Alcohol and Tobacco Control News Releases
FOR IMMEDIATE RELEASE
January 14, 2021
Missourians may see posters calling attention to the issue of human trafficking and urging people to report tips and victims to seek help
The Missouri Division of Alcohol and Tobacco Control is applauding the Missouri Beer Wholesalers Association for its recent efforts to combat human trafficking. The wholesalers’ campaign includes educating employees on recognizing the signs of human trafficking and publicizing the national human trafficking hotline with posters on delivery vehicles. The hotline number is 1-888-373-7888 and operates 24 hours a day, 365 days a year.
“We are very appreciative of the Missouri Beer Wholesalers Association for the work they’re doing to help get the human trafficking hotline number out to both victims and citizens who may have information to share about people being victimized,” ATC State Supervisor Dottie Taylor said. “The posters on the beer trucks are large and prominently displayed and can make a difference in the battle to free people being victimized by traffickers.”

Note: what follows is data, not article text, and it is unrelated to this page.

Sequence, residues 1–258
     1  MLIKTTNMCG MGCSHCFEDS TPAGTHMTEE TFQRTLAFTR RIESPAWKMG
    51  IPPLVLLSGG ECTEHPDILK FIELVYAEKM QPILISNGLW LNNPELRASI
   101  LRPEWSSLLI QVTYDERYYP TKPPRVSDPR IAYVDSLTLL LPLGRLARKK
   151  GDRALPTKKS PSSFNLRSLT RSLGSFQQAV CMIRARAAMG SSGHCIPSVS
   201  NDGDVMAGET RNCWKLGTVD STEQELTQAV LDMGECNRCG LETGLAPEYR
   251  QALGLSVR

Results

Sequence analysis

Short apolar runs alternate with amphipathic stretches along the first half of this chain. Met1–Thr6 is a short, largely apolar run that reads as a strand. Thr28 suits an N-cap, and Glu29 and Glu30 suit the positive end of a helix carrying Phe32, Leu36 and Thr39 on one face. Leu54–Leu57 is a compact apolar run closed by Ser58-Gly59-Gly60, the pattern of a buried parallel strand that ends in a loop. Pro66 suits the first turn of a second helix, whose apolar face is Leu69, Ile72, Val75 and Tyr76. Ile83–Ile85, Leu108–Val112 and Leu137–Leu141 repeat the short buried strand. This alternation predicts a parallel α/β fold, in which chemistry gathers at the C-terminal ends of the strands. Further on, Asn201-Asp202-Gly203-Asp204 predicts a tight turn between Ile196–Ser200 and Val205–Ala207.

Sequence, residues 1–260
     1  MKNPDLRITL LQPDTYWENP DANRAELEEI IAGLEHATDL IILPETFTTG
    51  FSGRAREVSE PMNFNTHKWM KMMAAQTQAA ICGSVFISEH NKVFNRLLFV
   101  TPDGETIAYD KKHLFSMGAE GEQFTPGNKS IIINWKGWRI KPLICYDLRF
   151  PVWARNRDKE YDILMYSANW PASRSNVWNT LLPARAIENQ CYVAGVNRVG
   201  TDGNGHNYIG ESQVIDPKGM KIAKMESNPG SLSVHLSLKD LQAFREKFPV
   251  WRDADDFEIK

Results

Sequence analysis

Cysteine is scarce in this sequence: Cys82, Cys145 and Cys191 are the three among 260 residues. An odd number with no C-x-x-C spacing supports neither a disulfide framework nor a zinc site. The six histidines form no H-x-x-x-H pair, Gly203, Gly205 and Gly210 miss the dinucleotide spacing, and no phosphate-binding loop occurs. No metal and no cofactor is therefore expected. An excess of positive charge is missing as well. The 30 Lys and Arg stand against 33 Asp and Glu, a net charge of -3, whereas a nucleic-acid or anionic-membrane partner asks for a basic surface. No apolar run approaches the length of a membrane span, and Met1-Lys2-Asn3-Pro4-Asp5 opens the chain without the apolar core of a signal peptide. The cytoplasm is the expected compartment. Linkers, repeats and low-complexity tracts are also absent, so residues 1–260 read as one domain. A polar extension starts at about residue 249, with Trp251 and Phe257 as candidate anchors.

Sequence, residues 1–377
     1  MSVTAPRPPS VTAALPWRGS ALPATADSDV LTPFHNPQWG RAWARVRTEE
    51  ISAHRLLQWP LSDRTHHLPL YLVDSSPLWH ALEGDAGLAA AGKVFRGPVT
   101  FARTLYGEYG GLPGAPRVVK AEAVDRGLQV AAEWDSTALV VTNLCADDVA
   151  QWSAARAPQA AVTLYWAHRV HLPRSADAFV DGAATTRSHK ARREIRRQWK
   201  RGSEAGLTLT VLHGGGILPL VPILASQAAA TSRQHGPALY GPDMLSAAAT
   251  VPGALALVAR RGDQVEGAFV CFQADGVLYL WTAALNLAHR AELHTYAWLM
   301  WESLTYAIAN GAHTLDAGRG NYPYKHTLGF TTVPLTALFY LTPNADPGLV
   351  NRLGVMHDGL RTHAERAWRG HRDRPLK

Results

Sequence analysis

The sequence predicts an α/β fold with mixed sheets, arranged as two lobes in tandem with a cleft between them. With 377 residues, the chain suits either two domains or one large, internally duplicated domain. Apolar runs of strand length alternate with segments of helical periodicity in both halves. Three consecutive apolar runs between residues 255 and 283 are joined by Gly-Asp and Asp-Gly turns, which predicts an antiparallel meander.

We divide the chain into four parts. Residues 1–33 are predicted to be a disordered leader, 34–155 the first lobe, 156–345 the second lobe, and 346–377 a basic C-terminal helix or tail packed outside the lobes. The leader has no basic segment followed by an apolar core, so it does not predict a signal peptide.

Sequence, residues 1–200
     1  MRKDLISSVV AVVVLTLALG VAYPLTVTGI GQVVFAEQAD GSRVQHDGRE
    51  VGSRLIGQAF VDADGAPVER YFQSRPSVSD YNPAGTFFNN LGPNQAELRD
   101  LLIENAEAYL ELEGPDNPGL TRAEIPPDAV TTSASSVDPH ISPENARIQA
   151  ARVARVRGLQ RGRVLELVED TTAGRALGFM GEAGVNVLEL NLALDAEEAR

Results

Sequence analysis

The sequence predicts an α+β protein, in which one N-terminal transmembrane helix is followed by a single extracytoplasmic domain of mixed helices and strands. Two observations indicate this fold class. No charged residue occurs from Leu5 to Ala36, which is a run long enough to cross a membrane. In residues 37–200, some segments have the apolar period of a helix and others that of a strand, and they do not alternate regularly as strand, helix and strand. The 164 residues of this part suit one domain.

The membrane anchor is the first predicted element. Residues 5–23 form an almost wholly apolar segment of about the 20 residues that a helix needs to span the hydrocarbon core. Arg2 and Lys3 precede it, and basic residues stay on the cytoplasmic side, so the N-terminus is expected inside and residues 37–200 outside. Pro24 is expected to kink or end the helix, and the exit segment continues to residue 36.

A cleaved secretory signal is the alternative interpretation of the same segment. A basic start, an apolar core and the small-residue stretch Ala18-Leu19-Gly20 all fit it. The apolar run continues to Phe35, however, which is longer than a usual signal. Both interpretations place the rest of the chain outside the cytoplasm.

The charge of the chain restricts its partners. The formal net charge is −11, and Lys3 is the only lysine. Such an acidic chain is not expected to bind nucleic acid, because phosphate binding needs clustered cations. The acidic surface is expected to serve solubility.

Interstate 44 has been identified as a central corridor in human trafficking.
The Missouri beer wholesalers launched the campaign in November 2020. In addition to the posters publicizing the 1-888-373-7888 human trafficking hotline, the wholesalers’ efforts include training from law enforcement on signs of human trafficking to look for and a review of human trafficking educational materials. Currently, five independent Missouri beer wholesalers have joined the effort – Grellner Sales & Service Inc., Lohr Distributing, H. W. Herrell Distributing Company, Heart of America Beverage Company and Grey Eagle Distributors. More are expected to join.
MBWA Executive Director Brad Bates said “I am very proud of my members for wanting to get involved and bringing awareness to this terrible issue. Missouri is on the frontline of this problem as I-44 is one of the main routes for human trafficking. We must become more aware of the problem.”
Human trafficking is a crime that involves the use of force, fraud or coercion to obtain some type of labor or commercial sex act. It can happen in any community and victims can be any age, race, gender or nationality. Traffickers might use violence, manipulation, or false promises of well-paying jobs or romantic relationships to lure victims into trafficking situations.
Language barriers, fear of their traffickers, and/or fear of law enforcement frequently keep victims from seeking help, making human trafficking a hidden crime. ATC Supervisor Dottie Taylor encourages everyone to remember, “If you see something, say something. Saving just one victim makes it all worth it.”
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